Building suppliers see pandemic boom

SCOTT FLYNN IS manager at rk Miles, a building materials supplier in Middlebury that has seen an uptick in paint and interior projects beginning last summer and then through the fall and winter as homeowners have spent more time in their abodes. The hot real estate market has also driven up sales, too, according to Flynn’s boss, company owner Joe Miles, and Goodro Lumber Co. co-owner Mark Thomas.

Everybody is sitting around and saying, jeez, I haven’t painted this room in 10 years. We’ve sold a lot of paint.
— Mark Thomas of Goodro Lumber Co.

ADDISON COUNTY — With a boost from strong real estate sales and homeowners motivated to improve their nests after spending more time than usual in them, the local construction sector has done well overall in the past year, according to owners of the county’s largest building supply stores.
Both do-it-yourself (DIY) customers and professional contractors have created steady business for rk Miles on Exchange Street in Middlebury and Goodro Lumber Co. on East Main Street in East Middlebury, officials of those firms said. 
Projects have ranged from deck expansion to new homes, according to rk Miles owner Joe Miles. Activity sparked as soon as warm weather hit in 2020.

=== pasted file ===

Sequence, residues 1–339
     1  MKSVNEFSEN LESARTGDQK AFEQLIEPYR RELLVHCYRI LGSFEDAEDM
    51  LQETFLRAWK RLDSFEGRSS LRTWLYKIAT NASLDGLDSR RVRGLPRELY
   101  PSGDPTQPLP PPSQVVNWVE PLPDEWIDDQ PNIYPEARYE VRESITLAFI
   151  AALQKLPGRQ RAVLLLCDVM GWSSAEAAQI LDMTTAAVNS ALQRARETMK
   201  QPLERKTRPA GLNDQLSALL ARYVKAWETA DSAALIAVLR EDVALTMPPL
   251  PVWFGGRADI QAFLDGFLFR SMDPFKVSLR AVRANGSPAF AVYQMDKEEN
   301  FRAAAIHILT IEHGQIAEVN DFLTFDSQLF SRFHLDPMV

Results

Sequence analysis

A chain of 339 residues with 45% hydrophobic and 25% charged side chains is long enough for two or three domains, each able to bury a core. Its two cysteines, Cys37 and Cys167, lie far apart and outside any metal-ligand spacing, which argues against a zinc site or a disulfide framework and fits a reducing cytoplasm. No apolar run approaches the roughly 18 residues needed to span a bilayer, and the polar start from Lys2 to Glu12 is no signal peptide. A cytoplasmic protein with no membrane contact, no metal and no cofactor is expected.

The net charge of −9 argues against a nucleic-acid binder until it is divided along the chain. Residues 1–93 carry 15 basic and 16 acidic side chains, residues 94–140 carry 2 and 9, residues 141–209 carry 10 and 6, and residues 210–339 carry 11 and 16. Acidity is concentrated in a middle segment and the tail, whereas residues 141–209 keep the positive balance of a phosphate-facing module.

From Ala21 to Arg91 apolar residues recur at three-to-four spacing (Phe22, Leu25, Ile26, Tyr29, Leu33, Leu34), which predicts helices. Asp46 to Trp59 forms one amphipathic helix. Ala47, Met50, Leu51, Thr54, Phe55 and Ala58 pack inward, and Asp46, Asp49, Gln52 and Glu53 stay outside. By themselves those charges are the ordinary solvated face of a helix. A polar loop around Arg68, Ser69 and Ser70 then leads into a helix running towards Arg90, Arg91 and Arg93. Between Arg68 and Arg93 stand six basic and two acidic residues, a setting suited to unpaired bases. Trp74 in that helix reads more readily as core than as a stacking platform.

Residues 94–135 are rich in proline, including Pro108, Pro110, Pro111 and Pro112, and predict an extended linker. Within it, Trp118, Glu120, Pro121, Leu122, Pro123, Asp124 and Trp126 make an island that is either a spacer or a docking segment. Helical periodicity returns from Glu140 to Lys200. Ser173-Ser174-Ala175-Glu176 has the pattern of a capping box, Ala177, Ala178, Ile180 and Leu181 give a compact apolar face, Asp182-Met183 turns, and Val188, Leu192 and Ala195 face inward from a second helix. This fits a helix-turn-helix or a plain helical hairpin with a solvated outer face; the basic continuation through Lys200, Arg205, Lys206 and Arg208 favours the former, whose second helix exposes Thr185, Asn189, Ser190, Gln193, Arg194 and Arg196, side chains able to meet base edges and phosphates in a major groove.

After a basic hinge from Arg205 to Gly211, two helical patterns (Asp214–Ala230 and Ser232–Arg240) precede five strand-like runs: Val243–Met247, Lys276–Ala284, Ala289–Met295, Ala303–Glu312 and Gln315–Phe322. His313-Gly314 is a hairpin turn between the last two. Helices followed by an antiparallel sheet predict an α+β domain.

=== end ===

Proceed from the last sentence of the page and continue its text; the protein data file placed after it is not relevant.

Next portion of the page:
“Last spring there was an explosion of homeowner interest in what I’ll call outdoor living product lines,” Miles said.
That meant in rk Miles’ Manchester store grills and outdoor furniture were moving quickly, he said. In Addison County, Miles said products to support “any project that was outdoor related” sold fast, such as deck-building, repair or enhancement; picnic benches; raised garden beds; and fencing.
With the exception of April and May, when state restrictions essentially banned in-store sales, “it remained pretty busy” for outdoor products throughout the warm-weather months, Miles said. He expects more of the same this year.
Goodro co-owner Mark Thomas saw the same thing.
“During the good weather people were moving outside a lot more. There was a lot more decking going on, their outdoor living space, as they call it, because they couldn’t go anywhere else,” Thomas said.
The result was pressure-treated lumber was in short supply for a while, and some orders for synthetic decking took several weeks to fulfill.
“There were a few shortages, which seem to be getting better,” Thomas said.
Miles acknowledged that increased demand and stress on the supply chain have pushed prices of building materials higher, especially wood products and steel. He said rk Miles has just sent out a letter to its regular customers and contractors explaining the issues.
“Things are very expensive at this time. I anticipate prices will come down at some point, hopefully through the summer,” Miles said. “There have been a lot of supply constraints … When everybody wants 5% more, it pretty much blew the whole thing up.”
While the DIY portion of both businesses does not provide a large portion of their bottom lines, both owners said it picked up as 2020 went on and is still strong.